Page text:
How to Make People Care About Your Story

It’s a storytelling world, so you better make sure your story is real, relevant, and remembered.

Joriel Foltz
Jul 30 · 9 min read

In 2014, Ben Horowitz — co-founder of the influential VC firm Andreesen-Horowitz — famously called storytelling “the most underrated skill.” Five years later, you’d be hard pressed to find a businessperson or leader who hasn’t been working on that skill. Dozens of books and thousands of articles have convinced us that storytelling is essential to capturing the most precious commodity of our modern age: attention.

Storytelling can help you in almost any endeavor, whether you want to open minds, land a job, ace a presentation, build an audience, close a deal, attract investors, or simply make a friend. A great story is a gift. It’s a spark of connection. It begins like any communication, with figuring out what you want to share and who you want to share it with — your message and audience — but then it gets magical.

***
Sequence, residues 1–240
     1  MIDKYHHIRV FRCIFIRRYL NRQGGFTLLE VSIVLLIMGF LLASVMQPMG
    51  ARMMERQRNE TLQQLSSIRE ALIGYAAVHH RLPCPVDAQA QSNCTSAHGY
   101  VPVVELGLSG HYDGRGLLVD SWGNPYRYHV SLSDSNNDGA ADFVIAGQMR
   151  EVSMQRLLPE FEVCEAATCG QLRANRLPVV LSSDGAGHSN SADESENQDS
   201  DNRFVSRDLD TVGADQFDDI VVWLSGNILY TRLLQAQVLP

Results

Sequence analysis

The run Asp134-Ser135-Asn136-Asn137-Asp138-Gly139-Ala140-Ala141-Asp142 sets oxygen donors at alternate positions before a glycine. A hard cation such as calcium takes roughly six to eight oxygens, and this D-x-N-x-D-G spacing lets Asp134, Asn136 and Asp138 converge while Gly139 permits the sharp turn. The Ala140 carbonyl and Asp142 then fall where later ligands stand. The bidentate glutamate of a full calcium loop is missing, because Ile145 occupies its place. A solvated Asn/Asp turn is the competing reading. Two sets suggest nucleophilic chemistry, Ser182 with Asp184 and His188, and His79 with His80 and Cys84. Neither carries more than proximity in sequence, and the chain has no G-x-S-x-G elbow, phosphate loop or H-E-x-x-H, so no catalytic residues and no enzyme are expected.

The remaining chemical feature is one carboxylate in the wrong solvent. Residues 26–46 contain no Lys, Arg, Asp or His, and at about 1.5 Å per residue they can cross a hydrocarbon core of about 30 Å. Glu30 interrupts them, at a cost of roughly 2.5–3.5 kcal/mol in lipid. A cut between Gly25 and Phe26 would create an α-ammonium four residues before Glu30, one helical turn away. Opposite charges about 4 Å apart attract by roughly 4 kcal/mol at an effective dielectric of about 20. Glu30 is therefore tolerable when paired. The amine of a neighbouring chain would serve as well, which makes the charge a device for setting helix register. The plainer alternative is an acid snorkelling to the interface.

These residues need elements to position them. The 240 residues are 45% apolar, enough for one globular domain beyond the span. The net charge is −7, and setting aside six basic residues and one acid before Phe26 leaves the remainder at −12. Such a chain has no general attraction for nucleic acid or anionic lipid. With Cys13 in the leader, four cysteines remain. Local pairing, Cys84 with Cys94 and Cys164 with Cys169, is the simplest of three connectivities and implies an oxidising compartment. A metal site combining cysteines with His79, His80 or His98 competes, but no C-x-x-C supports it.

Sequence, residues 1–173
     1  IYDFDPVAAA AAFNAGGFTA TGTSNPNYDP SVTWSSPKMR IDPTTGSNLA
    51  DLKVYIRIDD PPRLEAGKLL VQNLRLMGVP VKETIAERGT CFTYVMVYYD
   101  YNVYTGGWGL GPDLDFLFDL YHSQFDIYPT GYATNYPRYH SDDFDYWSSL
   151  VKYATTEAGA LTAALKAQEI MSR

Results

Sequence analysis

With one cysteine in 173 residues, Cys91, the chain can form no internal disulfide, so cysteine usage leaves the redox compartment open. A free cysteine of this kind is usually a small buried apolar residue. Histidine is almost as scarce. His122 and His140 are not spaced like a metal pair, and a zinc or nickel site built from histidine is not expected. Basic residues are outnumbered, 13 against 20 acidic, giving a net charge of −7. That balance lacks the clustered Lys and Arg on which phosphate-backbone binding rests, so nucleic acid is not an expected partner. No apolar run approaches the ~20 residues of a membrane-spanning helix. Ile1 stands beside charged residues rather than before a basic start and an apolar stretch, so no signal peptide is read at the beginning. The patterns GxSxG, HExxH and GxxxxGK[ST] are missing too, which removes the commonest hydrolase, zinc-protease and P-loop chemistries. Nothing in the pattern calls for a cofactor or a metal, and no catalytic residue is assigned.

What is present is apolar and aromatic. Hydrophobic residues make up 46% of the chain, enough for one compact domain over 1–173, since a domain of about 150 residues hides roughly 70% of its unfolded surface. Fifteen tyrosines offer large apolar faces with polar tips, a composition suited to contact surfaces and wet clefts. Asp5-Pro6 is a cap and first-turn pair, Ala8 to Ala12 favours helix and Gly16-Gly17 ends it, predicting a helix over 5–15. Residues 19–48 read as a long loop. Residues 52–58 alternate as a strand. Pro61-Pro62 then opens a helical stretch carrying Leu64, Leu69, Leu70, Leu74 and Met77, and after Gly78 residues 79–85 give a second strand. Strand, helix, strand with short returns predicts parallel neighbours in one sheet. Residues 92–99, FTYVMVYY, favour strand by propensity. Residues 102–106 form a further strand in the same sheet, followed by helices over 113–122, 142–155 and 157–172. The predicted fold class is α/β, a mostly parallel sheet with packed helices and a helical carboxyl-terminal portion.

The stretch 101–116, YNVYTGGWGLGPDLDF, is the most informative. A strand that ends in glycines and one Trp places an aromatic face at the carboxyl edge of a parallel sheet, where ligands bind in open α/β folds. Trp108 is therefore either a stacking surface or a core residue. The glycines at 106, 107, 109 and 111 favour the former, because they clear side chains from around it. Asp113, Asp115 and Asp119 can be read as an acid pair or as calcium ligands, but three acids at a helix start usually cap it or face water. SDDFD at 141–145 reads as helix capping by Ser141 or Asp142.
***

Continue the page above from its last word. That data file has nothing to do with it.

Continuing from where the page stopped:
Unlike a list of facts or data points, a story has narrative momentum. A beginning, a middle, and an end. It may be complex and meandering (Joyce’s Ulysses) or deceptively simple (For sale: baby shoes, never worn), but it’s always a journey. Stories draw us in, make us care, and move us from one place to another — emotionally, mentally, and sometimes even physically.

But when everybody’s a storyteller, how do you make your story stand out? What takes a story from good to great? You’ll have to go beyond the basics of audience, message, and structure to craft a story that’s real, relevant, and remembered.

Keep it real

Real is about earning trust. “Great stories are trusted,” says marketing guru Seth Godin. “Trust is the scarcest resource we’ve got left.”

Factual accuracy can be part of this — inflated statistics and exaggerated claims will quickly undermine trust. But I’m talking about a kind of realness than can exist even in fictional stories. A real story is clear and authentic.

Clear means people can follow it and understand it. It’s a combination of thoughtful structure, relatable language, and solid thinking. If you’re speaking in vague generalities, jumping around in time, or using a bunch of jargon, most people won’t bother to keep paying attention — let alone take your words to heart.